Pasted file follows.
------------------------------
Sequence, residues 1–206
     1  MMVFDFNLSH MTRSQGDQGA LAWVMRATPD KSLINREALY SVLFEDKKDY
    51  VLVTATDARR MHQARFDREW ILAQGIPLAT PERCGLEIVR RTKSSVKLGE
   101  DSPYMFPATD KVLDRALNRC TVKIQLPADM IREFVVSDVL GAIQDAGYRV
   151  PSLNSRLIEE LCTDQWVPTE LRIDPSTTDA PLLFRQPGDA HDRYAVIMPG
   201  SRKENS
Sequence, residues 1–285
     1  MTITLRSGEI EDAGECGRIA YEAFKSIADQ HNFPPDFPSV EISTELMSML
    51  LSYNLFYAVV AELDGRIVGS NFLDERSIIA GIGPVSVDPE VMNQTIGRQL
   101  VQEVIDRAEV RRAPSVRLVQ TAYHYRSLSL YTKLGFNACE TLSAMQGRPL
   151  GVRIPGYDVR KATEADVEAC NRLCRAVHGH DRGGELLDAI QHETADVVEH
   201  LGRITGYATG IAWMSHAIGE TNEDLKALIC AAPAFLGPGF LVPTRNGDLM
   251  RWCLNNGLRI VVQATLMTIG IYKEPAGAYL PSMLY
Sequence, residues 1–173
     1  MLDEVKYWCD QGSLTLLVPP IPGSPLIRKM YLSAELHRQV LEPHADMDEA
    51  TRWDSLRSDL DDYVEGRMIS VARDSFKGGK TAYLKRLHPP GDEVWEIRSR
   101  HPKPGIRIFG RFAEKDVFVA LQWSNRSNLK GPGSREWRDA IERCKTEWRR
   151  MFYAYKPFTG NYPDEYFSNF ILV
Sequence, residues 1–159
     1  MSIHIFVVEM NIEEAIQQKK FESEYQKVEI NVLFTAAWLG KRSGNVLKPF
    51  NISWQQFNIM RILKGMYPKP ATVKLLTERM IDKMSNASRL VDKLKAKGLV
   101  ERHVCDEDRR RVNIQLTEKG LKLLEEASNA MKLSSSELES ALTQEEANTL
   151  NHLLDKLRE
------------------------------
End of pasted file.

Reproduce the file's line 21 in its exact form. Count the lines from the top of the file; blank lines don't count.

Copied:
    51  NISWQQFNIM RILKGMYPKP ATVKLLTERM IDKMSNASRL VDKLKAKGLV